July 1, 2011

According to the World Health Organization, hospital patients anywhere in the world have about a 1 in 10 chance of being the victim of a health care error. And, from Portland to Katmandu, if you are that 1 out of 10 patients, you have about a 1 in 300 chance of dying from that medical mistake.

That seems extreme, but we know that, for example, the infection rate in hospitals has been on the rise. Worldwide, says WHO, hundreds of millions acquire infections in a health care setting every year. Most are preventable if health care workers observe basic hygiene guidelines, including washing their hands with soap and water before treating each patient.

Infection rates in developing and developed countries aren’t that far apart: 10 in 100 hospital patients in developing countries will acquire an infection during their stay, while 7 in 100 in developed countries will.

The differences between developed countries, though, is surprising: WHO’s data for the U.S. shows that 1.7 million infections and 100,000 deaths are related to hospital-acquired infections. In Europe, many more infections occur — 4.5 million — with a dramatically lower number of deaths (37,000).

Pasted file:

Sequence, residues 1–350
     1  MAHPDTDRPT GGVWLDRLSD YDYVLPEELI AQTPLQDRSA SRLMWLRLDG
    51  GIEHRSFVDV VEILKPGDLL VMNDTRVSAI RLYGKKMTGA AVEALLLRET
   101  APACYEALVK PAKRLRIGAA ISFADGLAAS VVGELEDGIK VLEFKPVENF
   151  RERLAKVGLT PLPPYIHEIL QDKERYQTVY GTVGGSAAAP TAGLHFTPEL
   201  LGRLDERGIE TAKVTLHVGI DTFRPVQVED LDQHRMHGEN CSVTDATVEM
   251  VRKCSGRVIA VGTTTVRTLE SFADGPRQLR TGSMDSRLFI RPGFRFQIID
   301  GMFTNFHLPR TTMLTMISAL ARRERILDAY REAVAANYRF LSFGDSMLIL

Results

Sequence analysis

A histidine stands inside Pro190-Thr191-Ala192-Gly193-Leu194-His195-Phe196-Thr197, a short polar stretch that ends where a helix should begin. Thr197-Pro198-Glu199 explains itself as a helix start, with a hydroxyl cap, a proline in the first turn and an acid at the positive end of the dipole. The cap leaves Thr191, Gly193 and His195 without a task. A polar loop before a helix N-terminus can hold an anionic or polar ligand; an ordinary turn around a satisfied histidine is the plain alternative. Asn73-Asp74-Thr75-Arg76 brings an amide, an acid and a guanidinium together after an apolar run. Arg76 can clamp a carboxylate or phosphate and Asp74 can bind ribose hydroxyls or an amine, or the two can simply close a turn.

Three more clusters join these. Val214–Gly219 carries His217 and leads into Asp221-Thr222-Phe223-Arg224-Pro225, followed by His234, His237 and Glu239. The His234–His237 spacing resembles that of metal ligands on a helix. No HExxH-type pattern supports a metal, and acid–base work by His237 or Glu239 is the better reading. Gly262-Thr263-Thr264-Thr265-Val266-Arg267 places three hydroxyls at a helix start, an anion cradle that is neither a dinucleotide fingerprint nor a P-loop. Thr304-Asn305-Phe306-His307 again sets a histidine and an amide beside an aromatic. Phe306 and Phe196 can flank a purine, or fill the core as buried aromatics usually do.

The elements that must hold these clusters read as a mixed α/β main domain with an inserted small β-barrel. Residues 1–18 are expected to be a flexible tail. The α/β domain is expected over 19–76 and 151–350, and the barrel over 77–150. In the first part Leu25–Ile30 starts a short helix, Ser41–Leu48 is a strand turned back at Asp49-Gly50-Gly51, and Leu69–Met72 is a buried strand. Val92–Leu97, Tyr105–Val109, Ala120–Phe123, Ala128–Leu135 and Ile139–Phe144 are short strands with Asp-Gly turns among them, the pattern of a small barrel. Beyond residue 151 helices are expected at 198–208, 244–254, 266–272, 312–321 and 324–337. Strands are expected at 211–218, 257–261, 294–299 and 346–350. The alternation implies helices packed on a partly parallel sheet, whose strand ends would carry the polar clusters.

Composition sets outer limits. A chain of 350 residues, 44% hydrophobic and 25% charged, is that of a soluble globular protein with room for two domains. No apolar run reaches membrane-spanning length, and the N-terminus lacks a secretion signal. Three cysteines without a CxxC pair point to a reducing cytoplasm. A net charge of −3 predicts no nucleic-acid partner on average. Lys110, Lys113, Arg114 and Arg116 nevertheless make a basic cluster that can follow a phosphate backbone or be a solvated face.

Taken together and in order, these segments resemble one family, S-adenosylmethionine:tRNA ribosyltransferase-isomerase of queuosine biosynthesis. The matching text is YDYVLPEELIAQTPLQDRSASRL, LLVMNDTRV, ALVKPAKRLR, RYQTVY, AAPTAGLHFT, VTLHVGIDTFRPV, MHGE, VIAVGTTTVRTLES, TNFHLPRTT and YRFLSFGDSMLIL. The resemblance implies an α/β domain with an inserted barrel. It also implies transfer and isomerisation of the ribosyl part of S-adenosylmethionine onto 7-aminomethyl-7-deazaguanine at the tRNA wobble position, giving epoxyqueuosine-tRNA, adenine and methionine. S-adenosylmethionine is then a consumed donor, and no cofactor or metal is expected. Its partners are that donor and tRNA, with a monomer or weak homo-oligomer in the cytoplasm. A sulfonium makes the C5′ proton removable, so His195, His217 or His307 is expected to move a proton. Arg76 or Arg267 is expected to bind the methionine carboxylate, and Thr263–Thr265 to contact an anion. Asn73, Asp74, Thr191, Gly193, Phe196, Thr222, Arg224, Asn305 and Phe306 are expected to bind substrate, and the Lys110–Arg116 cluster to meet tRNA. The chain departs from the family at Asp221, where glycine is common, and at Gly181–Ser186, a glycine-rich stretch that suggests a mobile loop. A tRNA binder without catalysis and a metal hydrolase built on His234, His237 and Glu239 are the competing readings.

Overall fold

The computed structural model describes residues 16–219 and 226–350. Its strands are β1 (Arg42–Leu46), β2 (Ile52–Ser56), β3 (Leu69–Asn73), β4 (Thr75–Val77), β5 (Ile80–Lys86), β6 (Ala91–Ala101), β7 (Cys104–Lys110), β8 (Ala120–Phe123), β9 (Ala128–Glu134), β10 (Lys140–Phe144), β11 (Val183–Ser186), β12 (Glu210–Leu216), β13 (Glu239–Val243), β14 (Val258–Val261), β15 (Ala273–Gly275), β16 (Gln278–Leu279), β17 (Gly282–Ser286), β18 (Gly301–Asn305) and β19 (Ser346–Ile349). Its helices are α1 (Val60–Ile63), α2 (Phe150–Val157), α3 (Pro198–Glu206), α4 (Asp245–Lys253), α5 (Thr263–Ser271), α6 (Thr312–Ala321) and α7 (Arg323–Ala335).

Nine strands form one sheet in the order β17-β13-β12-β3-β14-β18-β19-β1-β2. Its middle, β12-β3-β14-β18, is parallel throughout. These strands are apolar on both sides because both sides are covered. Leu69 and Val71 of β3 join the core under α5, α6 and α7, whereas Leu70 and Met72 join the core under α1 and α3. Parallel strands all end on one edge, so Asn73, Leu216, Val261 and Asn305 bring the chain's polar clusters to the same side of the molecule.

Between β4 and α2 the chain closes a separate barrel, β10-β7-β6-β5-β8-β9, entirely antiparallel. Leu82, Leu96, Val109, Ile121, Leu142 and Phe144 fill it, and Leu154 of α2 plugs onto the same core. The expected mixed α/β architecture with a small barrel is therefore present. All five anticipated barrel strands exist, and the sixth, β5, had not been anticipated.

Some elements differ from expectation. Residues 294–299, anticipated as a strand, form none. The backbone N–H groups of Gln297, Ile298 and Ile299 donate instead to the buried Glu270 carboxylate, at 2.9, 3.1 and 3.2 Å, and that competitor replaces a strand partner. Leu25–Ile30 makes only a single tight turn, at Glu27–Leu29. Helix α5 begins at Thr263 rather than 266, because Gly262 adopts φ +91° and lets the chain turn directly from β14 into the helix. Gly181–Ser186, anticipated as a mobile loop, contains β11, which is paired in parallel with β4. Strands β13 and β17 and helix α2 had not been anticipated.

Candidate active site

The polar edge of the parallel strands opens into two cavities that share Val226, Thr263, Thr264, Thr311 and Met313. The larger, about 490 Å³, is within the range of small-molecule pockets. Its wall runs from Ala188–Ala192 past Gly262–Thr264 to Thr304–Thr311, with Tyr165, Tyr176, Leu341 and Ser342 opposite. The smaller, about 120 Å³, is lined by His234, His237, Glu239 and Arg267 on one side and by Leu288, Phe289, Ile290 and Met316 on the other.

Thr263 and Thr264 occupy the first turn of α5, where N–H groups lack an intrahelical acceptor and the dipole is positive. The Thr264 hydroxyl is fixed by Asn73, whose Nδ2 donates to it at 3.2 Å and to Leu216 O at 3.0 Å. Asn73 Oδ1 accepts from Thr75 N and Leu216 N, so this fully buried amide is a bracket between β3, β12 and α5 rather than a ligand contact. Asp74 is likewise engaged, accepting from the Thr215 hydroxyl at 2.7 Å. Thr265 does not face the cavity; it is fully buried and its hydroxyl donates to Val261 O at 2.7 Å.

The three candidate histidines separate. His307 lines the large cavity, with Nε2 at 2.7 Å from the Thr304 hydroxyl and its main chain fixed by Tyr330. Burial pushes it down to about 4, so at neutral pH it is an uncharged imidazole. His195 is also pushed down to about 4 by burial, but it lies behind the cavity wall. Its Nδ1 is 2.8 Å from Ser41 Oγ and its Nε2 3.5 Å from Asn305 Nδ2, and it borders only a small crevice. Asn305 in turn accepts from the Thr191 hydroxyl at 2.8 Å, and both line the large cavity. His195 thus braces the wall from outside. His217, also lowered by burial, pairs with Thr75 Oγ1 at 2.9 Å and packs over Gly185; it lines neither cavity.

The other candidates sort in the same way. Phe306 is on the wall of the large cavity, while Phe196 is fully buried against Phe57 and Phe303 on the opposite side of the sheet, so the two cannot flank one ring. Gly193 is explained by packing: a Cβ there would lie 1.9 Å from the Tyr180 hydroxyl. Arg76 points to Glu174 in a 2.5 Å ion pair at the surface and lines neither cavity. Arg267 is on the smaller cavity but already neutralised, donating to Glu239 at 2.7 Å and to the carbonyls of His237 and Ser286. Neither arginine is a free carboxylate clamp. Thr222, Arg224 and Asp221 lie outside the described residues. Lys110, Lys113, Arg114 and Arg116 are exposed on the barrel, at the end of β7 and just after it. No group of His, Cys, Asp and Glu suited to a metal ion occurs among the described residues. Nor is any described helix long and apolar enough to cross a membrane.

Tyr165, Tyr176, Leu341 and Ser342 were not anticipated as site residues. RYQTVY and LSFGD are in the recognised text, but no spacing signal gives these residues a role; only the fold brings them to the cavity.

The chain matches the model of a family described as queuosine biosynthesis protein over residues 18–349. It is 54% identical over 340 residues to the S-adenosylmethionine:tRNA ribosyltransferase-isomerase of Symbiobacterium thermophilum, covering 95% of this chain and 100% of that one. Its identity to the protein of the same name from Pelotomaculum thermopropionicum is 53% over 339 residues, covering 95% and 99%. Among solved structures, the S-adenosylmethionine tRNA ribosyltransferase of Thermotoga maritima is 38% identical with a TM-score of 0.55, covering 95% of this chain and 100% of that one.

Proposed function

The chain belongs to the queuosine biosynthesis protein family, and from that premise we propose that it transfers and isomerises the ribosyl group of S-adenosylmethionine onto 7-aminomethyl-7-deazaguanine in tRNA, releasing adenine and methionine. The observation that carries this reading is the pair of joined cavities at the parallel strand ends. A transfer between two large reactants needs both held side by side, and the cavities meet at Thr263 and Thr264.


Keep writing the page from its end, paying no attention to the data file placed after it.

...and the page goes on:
WHO warns, too, that longer stays in intensive care put patients at even higher risk. In these cases, the infections are often borne by ventilators or urinary catheters that have not been properly sterilized. ICUs and neonatal units are the high risk departments in developing countries’ hospitals.

The agency, which is overseen by the United Nations, is not merely reporting on the issue, though. WHO developed a hospital safety checklist that is used in almost 100,000 hospitals around the globe. The checklist has proven its effectiveness: Hospitals that implement the tool have, on average, reduced surgery complications by 33 percent and cut their death rates by half.

A patient safety official with WHO believes that implementation of and adherence to the checklist could save half a million patients every year.

Source: Reuters, “Going into hospital far riskier than flying: WHO,” Stephanie Nebehay, 07/21/2011


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